"O Canada," the national anthem of our neighbors up north, comes in two official versions — English and French. They share a melody, but differ in meaning.

Let the record show: neither version of those lyrics contains the phrase "all lives matter."

But at the 2016 All-Star Game, the song got an unexpected edit.

At Petco Park in San Diego, one member of the Canadian singing group The Tenors — by himself, according to the other members of the group — revised the anthem.

School's out, and a lot of parents are getting through the long summer days with extra helpings of digital devices.

How should we feel about that?

Police in Baton Rouge say they have arrested three people who stole guns with the goal of killing police officers. They are still looking for a fourth suspect in the alleged plot, NPR's Greg Allen reports.

"Police say the thefts were at a Baton Rouge pawn shop early Saturday morning," Greg says. "One person was arrested at the scene. Since then, two others have been arrested and six of the eight stolen handguns have been recovered. Police are still looking for one other man."

A 13-year-old boy is among those arrested, Greg says.

Copyright 2016 NPR. To see more, visit http://www.npr.org/.

After an international tribunal invalidated Beijing's claims to the South China Sea, Chinese authorities have declared in no uncertain terms that they will be ignoring the ruling.

The Philippines brought the case to the Permanent Court of Arbitration in The Hague, objecting to China's claims to maritime rights in the disputed waters. The tribunal agreed that China had no legal authority to claim the waters and was infringing on the sovereign rights of the Philippines.

Donald Trump is firing back at Supreme Court Justice Ruth Bader Ginsburg after she disparaged him in several media interviews. He tweeted late Tuesday that she "has embarrassed all" with her "very dumb political statements" about the candidate. Trump ended his tweet with "Her mind is shot - resign!":

Donald Trump wrapped up his public tryout of potential vice presidential candidates in Indiana Tuesday night with Gov. Mike Pence giving the final audition.

The Indiana governor's stock as Trump's possible running mate is believed to be on the rise, with New Jersey Gov. Chris Christie and former House Speaker Newt Gingrich also atop the list. Sources tell NPR the presumptive GOP presidential nominee is close to making a decision, which he's widely expected to announce by Friday.

Copyright 2016 NPR. To see more, visit http://www.npr.org/.

The unassuming hero of Jonas Karlsson's clever, Kafkaesque parable is the opposite of a malcontent. Despite scant education, a limited social life, and no prospects for success as it is usually defined, he's that rarity, a most happy fella with an amazing ability to content himself with very little. But one day, returning to his barebones flat from his dead-end, part-time job at a video store, he finds an astronomical bill from an entity called W.R.D. He assumes it's a scam. Actually, it is more sinister-- and it forces him to take a good hard look at his life and values.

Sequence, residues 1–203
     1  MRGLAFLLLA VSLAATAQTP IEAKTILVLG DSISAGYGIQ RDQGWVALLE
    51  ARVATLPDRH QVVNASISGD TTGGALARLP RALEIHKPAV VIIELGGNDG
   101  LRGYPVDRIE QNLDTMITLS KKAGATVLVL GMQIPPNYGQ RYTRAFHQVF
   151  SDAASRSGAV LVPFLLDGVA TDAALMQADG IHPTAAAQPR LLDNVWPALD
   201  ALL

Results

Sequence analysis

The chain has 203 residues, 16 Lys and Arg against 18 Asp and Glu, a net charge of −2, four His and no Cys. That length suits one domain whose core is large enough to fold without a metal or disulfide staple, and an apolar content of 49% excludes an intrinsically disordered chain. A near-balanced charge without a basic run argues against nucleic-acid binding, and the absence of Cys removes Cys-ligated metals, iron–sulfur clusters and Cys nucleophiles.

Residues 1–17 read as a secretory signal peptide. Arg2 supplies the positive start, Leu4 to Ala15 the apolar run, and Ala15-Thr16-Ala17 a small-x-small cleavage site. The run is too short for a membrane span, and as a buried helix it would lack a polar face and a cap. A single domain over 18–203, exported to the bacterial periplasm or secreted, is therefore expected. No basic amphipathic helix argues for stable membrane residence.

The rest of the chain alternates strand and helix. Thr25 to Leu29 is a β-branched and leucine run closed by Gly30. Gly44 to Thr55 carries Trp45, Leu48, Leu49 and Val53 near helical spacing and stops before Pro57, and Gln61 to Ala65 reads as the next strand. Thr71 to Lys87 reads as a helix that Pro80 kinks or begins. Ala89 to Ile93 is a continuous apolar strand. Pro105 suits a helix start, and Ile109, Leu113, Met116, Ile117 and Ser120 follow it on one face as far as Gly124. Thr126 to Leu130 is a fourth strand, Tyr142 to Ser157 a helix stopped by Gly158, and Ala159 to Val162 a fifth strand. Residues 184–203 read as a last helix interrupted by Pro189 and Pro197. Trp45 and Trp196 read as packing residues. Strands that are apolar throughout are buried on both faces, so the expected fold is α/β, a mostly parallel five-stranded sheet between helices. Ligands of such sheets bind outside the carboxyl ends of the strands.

Copyright 2016 NPR. To see more, visit http://www.npr.org/.

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If WikiLeaks' Assange Steps Out, He's Due To Be Arrested

Jun 20, 2012
Originally published on June 20, 2012 9:32 am

WikiLeaks founder Julian Assange is reportedly still inside Ecuador's embassy in London, where he showed up Tuesday and asked for political asylum.

The chances of his being able to leave there and not immediately be arrested by British authorities seem to be somewhere between slim and none.

As NPR's Philip Reeves put it earlier on Morning Edition, "if he wants to go to the airport" and fly out of the U.K., "he or the authorities of Ecuador would likely have to negotiate right of passage with the British authorities."

And that, as Philip said, is unlikely to be granted. Ecuadoran officials say they're reviewing Assange's request, and there are reports that talks are under way between Ecuador and the U.K. on how to resolve the situation.

Meanwhile, The Associated Press writes this: "British police stood poised Wednesday to arrest WikiLeaks founder Julian Assange should he step out of Ecuador's London embassy."

And The Guardian adds that:

"The police will not enter a foreign embassy to make an arrest. But short of giving Assange Ecuadorian diplomatic status or hiding him in a rather large diplomatic bag, there seems no way in which he can get to Heathrow, let alone Ecuador, without being arrested for breach of his bail conditions."

As the AP reminds us:

"Assange was arrested in London in December 2010 at Sweden's request. Since then he has been fighting extradition to the Scandinavian country, where he is wanted for questioning over alleged sexual assaults on two women in 2010.

"He denies the allegations and says the case against him is politically motivated. He also claims extradition could be a first step in efforts to remove him to the United States, where he claims to have been secretly indicted over his website's disclosure of 250,000 State Department cables. The leaks of the secret diplomatic exchanges deeply angered the U.S. government."

One reason Assange faces immediate arrest in the U.K., according to The Telegraph, is that he did not appear Tuesday at "a named bail address between 10 p.m. and 8 a.m."

Copyright 2012 National Public Radio. To see more, visit http://www.npr.org/.